Now for the title of this article
I've recently ran into so-called "libertarians" that support Yang's plan for a UBI. Often, they have sited Milton Friedman's support for such a plan.
First off, a libertarian believes that "taxation is theft." I'll write more articles explaining the principles behind those beliefs, but in short we'll just say that you "Don't hurt people, and Don't Take Their Stuff." That's a pretty good principle to live by.
I will agree with Friedman on the notion that a UBI is preferable to our current welfare system. This however, is not support for the idea that a UBI would be a positive for liberty. Those are two very different things. A more preferable system would be none at all, but that's just my opinion on the matter.
A UBI is still wealth redistribution. It's still taxation. Actually, as I write this article I've realized that it's not even "wealth" redistribution, since it's a tax on the production end of our economy, before any profit has been made. It would be better stated as "investment redistribution." It taxes a business owner before they've been able to make their product and take it to market, which would arguably slow down the production side of our economy.
For those that invoke Friedman to support Yang’s proposal let me say this. Milton Friedman would most definitely not support Andrew Yang’s plan.
There’s a difference between the funding needed to support the two supposedly similar plans. Yang’s proposal is paid for using a Value-Added Tax, whereas Friedman was suggesting that a UBI would be the best use for our current system.
When VAT rates are increased, it looks like another increment of inflation to the unaware consumer. Milton Friedman said it best: "That VAT is the most efficient way to raise revenue for the government. It is also the most effective way to increase the size of government."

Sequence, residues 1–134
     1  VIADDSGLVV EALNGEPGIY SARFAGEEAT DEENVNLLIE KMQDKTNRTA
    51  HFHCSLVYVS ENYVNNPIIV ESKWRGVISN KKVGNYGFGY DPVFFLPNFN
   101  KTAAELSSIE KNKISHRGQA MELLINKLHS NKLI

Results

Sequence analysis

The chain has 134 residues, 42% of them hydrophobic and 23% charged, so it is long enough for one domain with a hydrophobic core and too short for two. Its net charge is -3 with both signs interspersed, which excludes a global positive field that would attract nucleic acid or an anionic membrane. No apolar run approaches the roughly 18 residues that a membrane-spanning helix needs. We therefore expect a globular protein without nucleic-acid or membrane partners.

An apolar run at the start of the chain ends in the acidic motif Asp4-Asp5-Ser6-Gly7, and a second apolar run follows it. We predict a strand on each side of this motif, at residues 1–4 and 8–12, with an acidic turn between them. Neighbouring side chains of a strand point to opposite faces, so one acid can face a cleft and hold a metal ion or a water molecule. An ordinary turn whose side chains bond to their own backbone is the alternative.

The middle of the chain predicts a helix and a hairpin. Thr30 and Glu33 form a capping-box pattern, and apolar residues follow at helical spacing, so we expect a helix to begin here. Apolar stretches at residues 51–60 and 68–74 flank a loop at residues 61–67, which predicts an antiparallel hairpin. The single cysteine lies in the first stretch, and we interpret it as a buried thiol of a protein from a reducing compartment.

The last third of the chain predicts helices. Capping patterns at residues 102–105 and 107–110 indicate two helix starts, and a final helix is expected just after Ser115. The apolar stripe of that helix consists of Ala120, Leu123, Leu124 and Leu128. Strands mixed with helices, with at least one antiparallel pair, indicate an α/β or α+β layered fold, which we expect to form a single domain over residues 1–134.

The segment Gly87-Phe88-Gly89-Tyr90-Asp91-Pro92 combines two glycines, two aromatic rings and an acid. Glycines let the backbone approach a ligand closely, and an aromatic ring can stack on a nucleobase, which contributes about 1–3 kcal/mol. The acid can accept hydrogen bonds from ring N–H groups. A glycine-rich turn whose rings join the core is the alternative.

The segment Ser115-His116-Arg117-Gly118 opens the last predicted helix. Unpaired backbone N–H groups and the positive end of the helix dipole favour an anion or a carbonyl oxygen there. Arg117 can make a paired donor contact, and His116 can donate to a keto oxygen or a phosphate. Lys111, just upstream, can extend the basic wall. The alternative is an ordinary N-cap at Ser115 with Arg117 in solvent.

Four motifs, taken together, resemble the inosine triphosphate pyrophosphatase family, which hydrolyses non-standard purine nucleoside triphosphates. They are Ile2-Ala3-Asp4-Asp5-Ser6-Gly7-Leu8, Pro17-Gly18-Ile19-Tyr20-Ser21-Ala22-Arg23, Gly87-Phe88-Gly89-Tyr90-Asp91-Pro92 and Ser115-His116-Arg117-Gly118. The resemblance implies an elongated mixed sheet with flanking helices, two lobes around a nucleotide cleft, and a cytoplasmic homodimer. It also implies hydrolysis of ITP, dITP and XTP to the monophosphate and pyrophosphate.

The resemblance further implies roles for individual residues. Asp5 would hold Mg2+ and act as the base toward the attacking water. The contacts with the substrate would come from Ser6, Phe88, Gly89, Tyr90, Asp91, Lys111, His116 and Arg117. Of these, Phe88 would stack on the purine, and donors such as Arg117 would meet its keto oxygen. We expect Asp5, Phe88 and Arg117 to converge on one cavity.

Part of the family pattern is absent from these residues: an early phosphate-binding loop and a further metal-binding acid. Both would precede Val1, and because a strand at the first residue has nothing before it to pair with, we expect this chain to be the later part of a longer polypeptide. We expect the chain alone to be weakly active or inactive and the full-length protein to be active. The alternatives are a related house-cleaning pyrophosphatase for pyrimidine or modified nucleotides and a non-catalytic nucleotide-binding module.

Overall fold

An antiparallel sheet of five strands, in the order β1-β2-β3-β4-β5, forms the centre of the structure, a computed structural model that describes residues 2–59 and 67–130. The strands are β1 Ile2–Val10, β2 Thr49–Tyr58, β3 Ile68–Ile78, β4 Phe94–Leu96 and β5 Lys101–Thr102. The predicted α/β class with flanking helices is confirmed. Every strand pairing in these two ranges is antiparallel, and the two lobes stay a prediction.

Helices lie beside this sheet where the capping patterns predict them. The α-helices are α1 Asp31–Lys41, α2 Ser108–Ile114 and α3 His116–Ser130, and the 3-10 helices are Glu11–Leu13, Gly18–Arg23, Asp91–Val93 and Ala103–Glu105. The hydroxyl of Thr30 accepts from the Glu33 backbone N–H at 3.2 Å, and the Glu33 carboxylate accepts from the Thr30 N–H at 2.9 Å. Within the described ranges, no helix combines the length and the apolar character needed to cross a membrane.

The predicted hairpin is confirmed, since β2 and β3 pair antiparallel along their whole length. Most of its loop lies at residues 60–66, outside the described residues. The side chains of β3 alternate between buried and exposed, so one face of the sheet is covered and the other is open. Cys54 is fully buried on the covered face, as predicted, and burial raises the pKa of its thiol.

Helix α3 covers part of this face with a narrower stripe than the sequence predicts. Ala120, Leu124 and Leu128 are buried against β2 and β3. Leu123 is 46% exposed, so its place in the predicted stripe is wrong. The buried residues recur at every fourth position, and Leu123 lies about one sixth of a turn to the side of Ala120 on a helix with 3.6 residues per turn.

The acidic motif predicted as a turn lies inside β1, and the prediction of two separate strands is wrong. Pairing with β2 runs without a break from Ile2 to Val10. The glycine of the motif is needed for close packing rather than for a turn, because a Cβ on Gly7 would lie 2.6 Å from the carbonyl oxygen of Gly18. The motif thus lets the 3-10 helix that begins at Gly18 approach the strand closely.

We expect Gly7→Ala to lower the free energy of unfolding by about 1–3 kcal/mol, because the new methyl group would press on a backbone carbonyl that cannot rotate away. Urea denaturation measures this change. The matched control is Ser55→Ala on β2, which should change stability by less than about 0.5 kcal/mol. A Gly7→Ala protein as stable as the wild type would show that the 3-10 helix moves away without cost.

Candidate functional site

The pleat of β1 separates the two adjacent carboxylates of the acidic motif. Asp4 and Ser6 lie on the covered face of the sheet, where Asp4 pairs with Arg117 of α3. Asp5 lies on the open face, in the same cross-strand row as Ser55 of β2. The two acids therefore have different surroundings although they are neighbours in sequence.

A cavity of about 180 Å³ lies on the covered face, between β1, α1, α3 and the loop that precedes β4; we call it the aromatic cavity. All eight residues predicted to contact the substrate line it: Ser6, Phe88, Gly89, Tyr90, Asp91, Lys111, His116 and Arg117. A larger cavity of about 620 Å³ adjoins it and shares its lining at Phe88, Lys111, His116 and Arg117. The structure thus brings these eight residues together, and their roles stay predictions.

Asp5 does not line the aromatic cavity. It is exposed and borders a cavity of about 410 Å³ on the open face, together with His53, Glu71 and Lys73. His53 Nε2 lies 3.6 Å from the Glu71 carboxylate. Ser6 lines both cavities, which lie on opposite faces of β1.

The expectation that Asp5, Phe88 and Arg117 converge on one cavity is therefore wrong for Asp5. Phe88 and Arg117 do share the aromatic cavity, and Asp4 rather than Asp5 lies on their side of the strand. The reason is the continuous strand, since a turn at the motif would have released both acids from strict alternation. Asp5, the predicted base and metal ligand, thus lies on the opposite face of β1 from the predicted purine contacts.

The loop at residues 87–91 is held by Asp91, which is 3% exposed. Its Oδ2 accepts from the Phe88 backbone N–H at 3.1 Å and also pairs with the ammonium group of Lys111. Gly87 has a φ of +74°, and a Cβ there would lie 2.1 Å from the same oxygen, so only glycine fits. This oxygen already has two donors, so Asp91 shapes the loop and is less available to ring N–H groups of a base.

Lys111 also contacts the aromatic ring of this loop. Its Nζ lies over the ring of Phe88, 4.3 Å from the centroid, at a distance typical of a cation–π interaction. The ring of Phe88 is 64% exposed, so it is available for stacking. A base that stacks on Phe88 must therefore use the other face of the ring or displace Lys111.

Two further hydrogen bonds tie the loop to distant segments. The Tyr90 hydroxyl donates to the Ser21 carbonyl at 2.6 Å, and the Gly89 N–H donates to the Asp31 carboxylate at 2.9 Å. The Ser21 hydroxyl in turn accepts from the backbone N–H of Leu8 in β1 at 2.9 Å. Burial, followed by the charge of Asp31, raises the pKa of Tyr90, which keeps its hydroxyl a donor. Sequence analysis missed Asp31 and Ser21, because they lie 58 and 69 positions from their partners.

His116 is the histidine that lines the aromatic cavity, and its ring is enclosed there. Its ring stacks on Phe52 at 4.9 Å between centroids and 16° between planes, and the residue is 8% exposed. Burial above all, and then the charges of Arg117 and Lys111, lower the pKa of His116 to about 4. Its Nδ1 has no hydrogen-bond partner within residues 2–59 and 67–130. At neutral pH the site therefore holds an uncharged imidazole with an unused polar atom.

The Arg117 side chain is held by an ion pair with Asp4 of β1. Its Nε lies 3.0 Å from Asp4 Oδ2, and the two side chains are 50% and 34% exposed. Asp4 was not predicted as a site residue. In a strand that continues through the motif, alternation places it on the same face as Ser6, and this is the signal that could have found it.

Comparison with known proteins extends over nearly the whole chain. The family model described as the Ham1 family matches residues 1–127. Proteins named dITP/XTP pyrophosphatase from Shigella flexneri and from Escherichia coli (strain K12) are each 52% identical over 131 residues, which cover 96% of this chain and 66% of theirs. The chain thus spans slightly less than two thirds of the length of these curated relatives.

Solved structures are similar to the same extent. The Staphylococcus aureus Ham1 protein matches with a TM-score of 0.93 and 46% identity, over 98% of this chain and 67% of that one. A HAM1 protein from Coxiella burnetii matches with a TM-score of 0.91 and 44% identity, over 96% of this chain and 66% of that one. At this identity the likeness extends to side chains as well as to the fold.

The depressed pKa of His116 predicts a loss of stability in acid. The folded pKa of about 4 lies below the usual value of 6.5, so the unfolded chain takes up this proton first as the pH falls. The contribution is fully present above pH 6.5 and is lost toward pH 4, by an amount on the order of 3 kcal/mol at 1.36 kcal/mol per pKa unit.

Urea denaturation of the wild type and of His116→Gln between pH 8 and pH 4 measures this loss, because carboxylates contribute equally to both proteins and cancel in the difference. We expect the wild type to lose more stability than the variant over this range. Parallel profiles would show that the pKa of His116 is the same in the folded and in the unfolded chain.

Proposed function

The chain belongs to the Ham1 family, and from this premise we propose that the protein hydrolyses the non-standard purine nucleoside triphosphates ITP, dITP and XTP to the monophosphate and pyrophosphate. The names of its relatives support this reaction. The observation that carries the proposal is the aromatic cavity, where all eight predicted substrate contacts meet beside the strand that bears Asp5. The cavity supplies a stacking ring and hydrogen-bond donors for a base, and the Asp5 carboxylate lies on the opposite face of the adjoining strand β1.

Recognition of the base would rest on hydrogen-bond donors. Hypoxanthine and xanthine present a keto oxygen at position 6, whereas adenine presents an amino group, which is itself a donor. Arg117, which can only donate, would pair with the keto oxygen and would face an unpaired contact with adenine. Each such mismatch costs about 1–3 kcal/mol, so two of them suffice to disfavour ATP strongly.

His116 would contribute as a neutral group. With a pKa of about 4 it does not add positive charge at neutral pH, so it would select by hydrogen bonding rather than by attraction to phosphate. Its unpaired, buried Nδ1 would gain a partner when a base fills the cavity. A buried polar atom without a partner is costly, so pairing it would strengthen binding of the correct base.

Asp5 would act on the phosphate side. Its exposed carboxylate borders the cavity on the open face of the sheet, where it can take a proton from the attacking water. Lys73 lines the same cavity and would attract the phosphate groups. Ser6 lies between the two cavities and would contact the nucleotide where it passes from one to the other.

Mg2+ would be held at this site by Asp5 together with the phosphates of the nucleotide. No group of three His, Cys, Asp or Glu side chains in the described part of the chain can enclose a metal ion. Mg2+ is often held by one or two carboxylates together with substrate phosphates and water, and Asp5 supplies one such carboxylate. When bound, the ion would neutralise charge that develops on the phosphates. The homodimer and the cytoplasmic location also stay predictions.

As stated earlier, a VAT is a tax before a product has ever been made. It’s a sales-tax on the wholesale price of goods used by businesses to create their products. It’s not a good system for those looking to increase productive activities. As flawed and immoral as it is, at least our current system waits to see if you’ve made a sale before piling on the taxes.
But what about Alaska’s dividend?
Im glad you asked. Alaska is a terrible example to use for a UBI system that’s working for its citizens. First off, their dividend is once again from profit taken in from state held oil companies. A VAT, is not taken from profit, and the US is not in the same economic situation currently seen in Alaska. Alaskans are also cut off from the rest of the world, leaving them unable to drive across state lines for more competitive goods. In addition, the entire state has the population of the city of Nashville, TN. Plans are often easier to implement on smaller scales.
Andrew Yang seems to be a very sincere person. From what I've seen, he's forthright, charismatic, and intelligent. This does not mean that he believes in liberty, or a limited form of Federal Government. He’s still just another person who thinks the government should be left to organize the economy in whatever way they see fit.
Stay principled, and always remember - “Taxation is Theft.”